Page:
Exploration of the Impact of Organisational Context on a Workplace Safety and Health Intervention

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Work & Stress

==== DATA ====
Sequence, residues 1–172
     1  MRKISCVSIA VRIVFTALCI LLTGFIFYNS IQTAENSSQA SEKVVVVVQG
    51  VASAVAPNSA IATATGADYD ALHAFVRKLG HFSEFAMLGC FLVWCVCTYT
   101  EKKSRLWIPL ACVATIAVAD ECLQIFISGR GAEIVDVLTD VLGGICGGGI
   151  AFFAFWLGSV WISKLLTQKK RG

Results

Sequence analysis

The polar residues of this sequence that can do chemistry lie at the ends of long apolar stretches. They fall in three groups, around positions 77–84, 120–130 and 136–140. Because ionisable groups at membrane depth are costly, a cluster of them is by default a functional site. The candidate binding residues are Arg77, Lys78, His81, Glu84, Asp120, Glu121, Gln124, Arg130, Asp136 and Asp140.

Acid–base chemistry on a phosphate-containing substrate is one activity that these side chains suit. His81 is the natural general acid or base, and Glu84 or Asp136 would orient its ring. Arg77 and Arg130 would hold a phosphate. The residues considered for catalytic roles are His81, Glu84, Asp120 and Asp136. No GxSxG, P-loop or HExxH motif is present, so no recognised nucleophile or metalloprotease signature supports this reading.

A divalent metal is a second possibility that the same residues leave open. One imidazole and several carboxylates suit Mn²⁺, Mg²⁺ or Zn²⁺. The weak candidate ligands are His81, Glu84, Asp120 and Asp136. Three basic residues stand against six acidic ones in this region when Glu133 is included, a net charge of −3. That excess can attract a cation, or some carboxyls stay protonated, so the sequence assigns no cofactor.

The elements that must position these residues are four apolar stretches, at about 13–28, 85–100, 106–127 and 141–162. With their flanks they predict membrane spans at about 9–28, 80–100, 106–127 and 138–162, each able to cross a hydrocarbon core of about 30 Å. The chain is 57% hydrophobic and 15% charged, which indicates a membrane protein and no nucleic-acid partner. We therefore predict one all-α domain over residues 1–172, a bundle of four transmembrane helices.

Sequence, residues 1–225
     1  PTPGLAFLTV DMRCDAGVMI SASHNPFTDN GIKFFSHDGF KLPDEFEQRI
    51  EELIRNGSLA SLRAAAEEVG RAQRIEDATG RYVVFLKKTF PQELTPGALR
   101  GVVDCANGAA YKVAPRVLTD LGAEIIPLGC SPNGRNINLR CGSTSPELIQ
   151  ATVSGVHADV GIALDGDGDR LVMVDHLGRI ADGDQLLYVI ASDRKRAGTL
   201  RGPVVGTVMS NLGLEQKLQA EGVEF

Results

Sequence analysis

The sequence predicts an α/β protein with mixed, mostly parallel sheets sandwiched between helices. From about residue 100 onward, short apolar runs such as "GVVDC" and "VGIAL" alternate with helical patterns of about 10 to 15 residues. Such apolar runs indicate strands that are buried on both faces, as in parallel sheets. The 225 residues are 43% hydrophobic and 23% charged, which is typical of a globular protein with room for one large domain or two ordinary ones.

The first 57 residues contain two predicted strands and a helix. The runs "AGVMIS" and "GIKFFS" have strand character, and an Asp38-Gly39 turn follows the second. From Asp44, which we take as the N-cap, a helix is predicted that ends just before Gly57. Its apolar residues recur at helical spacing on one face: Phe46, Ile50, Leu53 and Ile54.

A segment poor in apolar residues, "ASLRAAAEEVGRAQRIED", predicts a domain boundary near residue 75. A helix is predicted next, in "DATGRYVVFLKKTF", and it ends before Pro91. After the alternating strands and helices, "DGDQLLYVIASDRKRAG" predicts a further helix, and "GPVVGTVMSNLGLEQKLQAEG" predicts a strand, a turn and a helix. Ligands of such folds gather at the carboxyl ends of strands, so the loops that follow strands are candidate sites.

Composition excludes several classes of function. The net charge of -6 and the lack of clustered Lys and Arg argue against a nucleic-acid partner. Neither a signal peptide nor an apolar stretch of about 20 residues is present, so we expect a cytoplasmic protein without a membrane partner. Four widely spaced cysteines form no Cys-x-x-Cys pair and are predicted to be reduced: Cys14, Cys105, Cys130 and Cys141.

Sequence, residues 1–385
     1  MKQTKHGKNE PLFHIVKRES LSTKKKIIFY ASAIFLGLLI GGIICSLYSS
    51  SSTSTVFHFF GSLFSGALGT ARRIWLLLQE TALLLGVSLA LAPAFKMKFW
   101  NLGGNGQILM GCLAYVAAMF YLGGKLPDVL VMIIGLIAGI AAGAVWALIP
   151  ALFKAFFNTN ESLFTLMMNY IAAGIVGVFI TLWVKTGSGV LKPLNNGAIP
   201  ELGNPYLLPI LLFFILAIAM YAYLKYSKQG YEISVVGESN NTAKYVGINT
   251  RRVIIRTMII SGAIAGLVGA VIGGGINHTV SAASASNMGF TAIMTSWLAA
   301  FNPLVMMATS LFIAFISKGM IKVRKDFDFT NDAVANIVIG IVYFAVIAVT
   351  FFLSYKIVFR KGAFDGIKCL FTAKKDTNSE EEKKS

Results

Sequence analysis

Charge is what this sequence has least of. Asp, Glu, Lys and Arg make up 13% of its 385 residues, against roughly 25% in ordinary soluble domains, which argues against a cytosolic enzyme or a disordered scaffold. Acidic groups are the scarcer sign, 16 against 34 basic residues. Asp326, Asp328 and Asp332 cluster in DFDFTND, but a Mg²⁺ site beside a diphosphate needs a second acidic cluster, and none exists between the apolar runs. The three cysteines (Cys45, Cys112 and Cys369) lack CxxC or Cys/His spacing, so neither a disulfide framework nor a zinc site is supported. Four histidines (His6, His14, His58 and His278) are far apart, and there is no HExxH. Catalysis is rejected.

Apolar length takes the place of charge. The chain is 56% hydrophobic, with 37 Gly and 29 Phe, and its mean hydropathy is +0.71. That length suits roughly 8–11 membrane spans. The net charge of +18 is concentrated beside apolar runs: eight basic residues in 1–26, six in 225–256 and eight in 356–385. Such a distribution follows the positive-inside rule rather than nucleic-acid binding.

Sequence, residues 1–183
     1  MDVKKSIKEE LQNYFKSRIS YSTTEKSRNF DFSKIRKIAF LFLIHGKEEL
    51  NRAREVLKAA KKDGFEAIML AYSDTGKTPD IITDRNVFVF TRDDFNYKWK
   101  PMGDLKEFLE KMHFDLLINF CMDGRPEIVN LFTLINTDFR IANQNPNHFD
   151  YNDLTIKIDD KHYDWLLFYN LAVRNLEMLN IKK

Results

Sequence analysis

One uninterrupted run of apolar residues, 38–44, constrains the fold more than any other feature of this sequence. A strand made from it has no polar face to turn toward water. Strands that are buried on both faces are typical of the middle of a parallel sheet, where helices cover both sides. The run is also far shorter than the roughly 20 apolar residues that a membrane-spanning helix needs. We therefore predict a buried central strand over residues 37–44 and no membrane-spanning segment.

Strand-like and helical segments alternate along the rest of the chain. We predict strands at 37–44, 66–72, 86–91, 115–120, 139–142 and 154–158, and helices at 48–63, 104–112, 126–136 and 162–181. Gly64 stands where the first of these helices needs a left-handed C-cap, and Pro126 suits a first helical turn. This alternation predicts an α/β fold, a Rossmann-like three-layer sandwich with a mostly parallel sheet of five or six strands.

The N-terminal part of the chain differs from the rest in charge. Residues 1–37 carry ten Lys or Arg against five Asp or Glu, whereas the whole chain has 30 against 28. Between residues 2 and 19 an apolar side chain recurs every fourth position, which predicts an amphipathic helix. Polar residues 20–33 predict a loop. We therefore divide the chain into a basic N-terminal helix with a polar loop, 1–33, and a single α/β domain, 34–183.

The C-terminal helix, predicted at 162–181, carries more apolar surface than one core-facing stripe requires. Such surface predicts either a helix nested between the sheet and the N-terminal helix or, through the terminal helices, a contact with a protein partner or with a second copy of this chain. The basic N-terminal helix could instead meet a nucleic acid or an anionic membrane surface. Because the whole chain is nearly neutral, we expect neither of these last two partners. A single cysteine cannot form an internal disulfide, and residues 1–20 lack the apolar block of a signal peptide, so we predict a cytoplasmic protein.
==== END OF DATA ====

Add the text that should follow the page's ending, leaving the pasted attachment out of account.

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The Safety and Health Improvement Program (SHIP) was designed to increase workers’ safety and health using supervisor/leadership training. SHIP was implemented and evaluated in a cluster randomized controlled trial with 20 supervisors and 292 construction crew members representing a high-risk industry. The intervention had three components: (1) computer-based training to teach supervisors ways to better support worker safety and work-life challenges; (2) supervisor behavioural self-monitoring to facilitate transfer of training to practice; and (3) team-based discussions with supervisors and work crew members to identify challenges and opportunities for improvement with 30, 60, and 90 day follow-up check-in meetings. Main effects for the intervention on perceptions of family supportive supervisor behaviors, team effectiveness, and work-life effectiveness were not found, suggesting that the pre-intervention context could help explain the lack of intervention effects. We found that the intervention was more beneficial for work crew members who had poorer pre-intervention perceptions of their supervisor (lower leader-member exchange) and lower perceived team cohesion, suggesting the important impact of the organisational context on intervention effects. We argue that perhaps these work crews were more ready for change and improvements in functioning than were the crews that were already functioning well.


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